66 Days — The vines produce prolifically throughout the growing season. Its pods
are up to eight inches long and used as snap (green or string) beans or leaving them on the vine a bit longer, green shelled. If left even longer, the plump, white seeds are even good as a dry bean.
Now a Southern favorite, it is an old family heirloom from the McCasland family of Georgia who had raised it for many years. Upon the death of Mr. McCasland, a small stock of seed was sent in to the now defunct, H. G. Hastings Seed Company of Atlanta, Georgia, who subsequently introduced it to the public in 1912. This is what they had to say in their spring seed catalog that year:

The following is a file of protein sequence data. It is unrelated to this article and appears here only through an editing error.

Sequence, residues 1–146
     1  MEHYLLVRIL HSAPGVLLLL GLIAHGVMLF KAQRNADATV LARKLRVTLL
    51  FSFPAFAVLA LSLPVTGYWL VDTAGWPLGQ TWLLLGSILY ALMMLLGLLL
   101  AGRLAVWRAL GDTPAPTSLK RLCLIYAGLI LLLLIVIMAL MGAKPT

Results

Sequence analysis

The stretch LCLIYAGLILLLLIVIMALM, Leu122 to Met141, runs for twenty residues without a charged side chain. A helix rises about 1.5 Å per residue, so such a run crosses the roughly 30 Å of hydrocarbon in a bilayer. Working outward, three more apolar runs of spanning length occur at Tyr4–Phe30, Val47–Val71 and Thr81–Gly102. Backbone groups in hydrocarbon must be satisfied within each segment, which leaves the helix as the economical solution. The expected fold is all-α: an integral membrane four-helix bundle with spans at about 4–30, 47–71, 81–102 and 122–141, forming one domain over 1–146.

"The McCasland bean came to us in a peculiar way. A Mr. McCasland, one of our Georgia customers, had been a great admirer of our house and a planter of Hastings' Seeds for years. On his death a few years ago Mrs. McCasland sent us a pint of this bean with a statement that it had been in the family for years and that her husband before his death had expressed the wish that this splendid bean should be placed in our hands. She also asked that we name it after her husband, which we gladly do, although we would have been greatly pleased to have given our own name to it."
An interesting note is that although Hastings' introduced the bean in 1912 as "McCasland," in 1916, still using the exact account noted above, they unceremoniously and without explanation, changed the bean's name to 'McCaslan'. David Pendergrass
, our seed grower in Tennessee adds, "This old Southern favorite has a very delicious flavor that our family has loved for generations and is one of my favorites for canning.
" Each packet contains one ounce, which is approximately 80 seeds.